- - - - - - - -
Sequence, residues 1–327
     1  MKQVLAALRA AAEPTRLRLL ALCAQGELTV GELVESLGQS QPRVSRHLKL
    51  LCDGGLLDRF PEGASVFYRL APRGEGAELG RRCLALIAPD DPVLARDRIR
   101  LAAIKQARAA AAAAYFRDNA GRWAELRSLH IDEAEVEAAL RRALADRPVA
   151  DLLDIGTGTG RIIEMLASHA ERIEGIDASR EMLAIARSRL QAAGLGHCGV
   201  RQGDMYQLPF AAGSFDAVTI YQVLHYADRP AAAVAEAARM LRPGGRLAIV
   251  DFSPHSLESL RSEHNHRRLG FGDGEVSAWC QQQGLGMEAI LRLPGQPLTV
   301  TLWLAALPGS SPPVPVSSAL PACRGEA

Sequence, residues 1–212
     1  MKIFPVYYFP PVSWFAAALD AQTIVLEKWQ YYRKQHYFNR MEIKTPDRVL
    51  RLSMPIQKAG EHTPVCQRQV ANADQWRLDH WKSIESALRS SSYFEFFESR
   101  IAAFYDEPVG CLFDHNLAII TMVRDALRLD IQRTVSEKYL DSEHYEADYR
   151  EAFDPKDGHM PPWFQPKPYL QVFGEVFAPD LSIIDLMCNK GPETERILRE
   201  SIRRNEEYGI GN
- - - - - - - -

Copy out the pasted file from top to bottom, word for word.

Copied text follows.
Sequence, residues 1–327
     1  MKQVLAALRA AAEPTRLRLL ALCAQGELTV GELVESLGQS QPRVSRHLKL
    51  LCDGGLLDRF PEGASVFYRL APRGEGAELG RRCLALIAPD DPVLARDRIR
   101  LAAIKQARAA AAAAYFRDNA GRWAELRSLH IDEAEVEAAL RRALADRPVA
   151  DLLDIGTGTG RIIEMLASHA ERIEGIDASR EMLAIARSRL QAAGLGHCGV
   201  RQGDMYQLPF AAGSFDAVTI YQVLHYADRP AAAVAEAARM LRPGGRLAIV
   251  DFSPHSLESL RSEHNHRRLG FGDGEVSAWC QQQGLGMEAI LRLPGQPLTV
   301  TLWLAALPGS SPPVPVSSAL PACRGEA

Sequence, residues 1–212
     1  MKIFPVYYFP PVSWFAAALD AQTIVLEKWQ YYRKQHYFNR MEIKTPDRVL
    51  RLSMPIQKAG EHTPVCQRQV ANADQWRLDH WKSIESALRS SSYFEFFESR
   101  IAAFYDEPVG CLFDHNLAII TMVRDALRLD IQRTVSEKYL DSEHYEADYR
   151  EAFDPKDGHM PPWFQPKPYL QVFGEVFAPD LSIIDLMCNK GPETERILRE
   201  SIRRNEEYGI GN